Rename Hashtable Key

talkbubbleI use hashtables quite a bit. Often generating hashtables on the fly from other sources. But sometimes the hashtable keys that come from these external sources don’t align with what I intend to do with the hashtable. For example, one of the nifty things you can do with hashtables is splat them against a cmdlet or advanced function. Each hashtable key will bind to its corresponding parameter name. This makes it very easy to run a command and pass a bunch of parameters all at once. Here’s an example of splatting in action.


PS C:\> $hash = @{Computername="Serenity";Class="AntivirusProduct";Namespace="root\securitycenter2"}
PS C:\> get-wmiobject @haSH

__GENUS : 2
__CLASS : AntiVirusProduct
__SUPERCLASS :
__DYNASTY : AntiVirusProduct
__RELPATH : AntiVirusProduct.instanceGuid="{D68DDC3A-831F-4fae-9E44-DA132C1ACF46}"
__PROPERTY_COUNT : 6
__DERIVATION : {}
__SERVER : SERENITY
__NAMESPACE : ROOT\securitycenter2
__PATH : \\SERENITY\ROOT\securitycenter2:AntiVirusProduct.instanceGuid="{D68DDC3A
-831F-4fae-9E44-DA132C1ACF46}"
displayName : Windows Defender
instanceGuid : {D68DDC3A-831F-4fae-9E44-DA132C1ACF46}
pathToSignedProductExe : %ProgramFiles%\Windows Defender\MSASCui.exe
pathToSignedReportingExe : %ProgramFiles%\Windows Defender\MsMpeng.exe
productState : 397568
timestamp : Fri, 04 Jan 2013 17:09:42 GMT

This works because all of the hashtable keys line up with parameter names. If the names don’t match they are ignore. So sometimes I need to rename the hashtable key. This isn’t too difficult conceptually.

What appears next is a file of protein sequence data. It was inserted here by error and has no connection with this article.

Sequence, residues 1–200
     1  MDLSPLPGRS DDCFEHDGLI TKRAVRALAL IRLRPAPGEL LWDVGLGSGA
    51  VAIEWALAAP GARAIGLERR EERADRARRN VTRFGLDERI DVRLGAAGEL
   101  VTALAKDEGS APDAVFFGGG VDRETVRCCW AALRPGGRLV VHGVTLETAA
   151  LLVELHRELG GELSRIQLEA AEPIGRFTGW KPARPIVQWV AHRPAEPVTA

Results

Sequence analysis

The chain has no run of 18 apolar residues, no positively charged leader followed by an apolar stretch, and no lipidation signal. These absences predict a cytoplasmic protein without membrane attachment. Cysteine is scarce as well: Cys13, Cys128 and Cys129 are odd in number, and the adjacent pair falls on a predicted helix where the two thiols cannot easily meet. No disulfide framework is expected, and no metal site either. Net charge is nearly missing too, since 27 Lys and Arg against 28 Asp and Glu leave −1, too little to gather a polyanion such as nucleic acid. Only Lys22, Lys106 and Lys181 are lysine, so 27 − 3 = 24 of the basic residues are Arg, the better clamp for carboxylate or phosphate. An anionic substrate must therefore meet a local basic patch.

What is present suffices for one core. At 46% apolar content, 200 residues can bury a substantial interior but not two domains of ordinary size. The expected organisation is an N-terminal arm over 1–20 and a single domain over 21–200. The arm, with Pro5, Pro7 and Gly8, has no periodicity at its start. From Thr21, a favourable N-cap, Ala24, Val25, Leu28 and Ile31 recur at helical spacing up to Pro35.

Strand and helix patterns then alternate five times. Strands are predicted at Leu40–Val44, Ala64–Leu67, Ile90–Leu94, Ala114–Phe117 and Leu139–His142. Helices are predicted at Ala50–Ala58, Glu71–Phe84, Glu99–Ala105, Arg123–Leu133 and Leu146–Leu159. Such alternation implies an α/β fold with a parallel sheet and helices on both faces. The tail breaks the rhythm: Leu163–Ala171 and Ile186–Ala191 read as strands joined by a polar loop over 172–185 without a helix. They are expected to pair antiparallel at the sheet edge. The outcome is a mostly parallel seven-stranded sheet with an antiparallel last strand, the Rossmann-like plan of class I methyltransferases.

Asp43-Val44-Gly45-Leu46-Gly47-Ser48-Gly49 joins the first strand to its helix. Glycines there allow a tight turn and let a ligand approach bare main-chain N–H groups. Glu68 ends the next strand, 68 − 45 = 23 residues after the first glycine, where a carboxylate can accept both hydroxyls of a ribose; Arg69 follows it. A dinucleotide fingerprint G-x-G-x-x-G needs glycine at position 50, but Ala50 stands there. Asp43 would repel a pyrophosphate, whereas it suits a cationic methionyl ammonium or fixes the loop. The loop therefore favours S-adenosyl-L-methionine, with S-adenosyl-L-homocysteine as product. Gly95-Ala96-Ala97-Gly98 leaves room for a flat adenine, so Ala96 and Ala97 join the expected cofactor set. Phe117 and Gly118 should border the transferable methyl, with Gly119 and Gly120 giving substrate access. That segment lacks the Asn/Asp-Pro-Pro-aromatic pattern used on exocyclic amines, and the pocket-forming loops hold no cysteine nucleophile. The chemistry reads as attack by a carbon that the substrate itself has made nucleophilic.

1. Create a new entry with the new key name and the old value
2. Remove the existing key.

But, I decided to turn this into an advanced function, probably with more bells and whistles than I really need. But maybe you will learn something new from my efforts.


Function Rename-HashTable {
#comment based help is here

[cmdletbinding(SupportsShouldProcess=$True)]

Param(
[parameter(position=0,Mandatory=$True,
HelpMessage="Enter the name of your hash table variable without the `$")]
[ValidateNotNullorEmpty()]
[string]$Name,
[parameter(position=1,Mandatory=$True,
HelpMessage="Enter the existing key name you want to rename")]
[ValidateNotNullorEmpty()]
[string]$Key,
[parameter(position=2,Mandatory=$True,
HelpMessage="Enter the NEW key name")]
[ValidateNotNullorEmpty()]
[string]$NewKey,
[switch]$Passthru,
[ValidateSet("Global","Local","Script","Private",0,1,2,3)]
[ValidateNotNullOrEmpty()]
[string]$Scope="Global"
)

#validate Key and NewKey are not the same
if ($key -eq $NewKey) {
Write-Warning "The values you specified for -Key and -NewKey appear to be the same. Names are NOT case-sensitive"
Return
}

Try {
#validate variable is a hash table
write-verbose (gv -Scope $scope | out-string)
Write-Verbose "Validating $name as a hashtable in $Scope scope."
#get the variable
$var = Get-Variable -Name $name -Scope $Scope -ErrorAction Stop

if ( $var.Value -is [hashtable]) {
#create a temporary copy
Write-Verbose "Cloning a temporary hashtable"
<#
Use the clone method to create a separate copy.
If you just assign the value to $temphash, the
two hash tables are linked in memory so changes
to $tempHash are also applied to the original
object.
#>
$tempHash = $var.Value.Clone()
#validate key exists
Write-Verbose "Validating key $key"
if ($tempHash.Contains($key)) {
#create a key with the new name using the value from the old key
Write-Verbose "Adding new key $newKey to the temporary hashtable"
$tempHash.Add($NewKey,$tempHash.$Key)
#remove the old key
Write-Verbose "Removing $key"
$tempHash.Remove($Key)
#write the new value to the variable
Write-Verbose "Writing the new hashtable"
Write-Verbose ($tempHash | out-string)
Set-Variable -Name $Name -Value $tempHash -Scope $Scope -Force -PassThru:$Passthru |
Select-Object -ExpandProperty Value
}
else {